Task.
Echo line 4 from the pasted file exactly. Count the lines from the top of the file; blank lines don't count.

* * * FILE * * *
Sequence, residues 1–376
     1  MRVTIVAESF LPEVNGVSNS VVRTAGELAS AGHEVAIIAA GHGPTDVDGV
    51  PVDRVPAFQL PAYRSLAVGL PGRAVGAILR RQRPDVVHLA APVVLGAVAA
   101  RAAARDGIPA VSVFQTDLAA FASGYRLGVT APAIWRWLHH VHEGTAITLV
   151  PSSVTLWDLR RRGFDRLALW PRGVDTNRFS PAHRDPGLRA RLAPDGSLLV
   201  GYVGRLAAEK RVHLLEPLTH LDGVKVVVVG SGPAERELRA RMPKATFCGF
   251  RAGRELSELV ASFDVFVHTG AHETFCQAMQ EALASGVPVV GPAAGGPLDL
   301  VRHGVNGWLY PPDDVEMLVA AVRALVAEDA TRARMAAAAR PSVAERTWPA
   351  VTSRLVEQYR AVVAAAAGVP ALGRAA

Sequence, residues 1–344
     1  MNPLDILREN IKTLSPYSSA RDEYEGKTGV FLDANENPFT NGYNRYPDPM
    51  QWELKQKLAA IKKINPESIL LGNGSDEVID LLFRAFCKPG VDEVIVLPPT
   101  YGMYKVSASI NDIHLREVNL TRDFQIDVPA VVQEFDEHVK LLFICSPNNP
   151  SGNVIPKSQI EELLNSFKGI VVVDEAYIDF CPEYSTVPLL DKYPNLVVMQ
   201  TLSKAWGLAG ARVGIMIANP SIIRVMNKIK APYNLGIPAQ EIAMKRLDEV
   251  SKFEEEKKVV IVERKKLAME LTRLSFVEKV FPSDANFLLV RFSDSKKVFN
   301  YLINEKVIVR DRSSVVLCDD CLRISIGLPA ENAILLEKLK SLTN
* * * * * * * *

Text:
   101  RAAARDGIPA VSVFQTDLAA FASGYRLGVT APAIWRWLHH VHEGTAITLV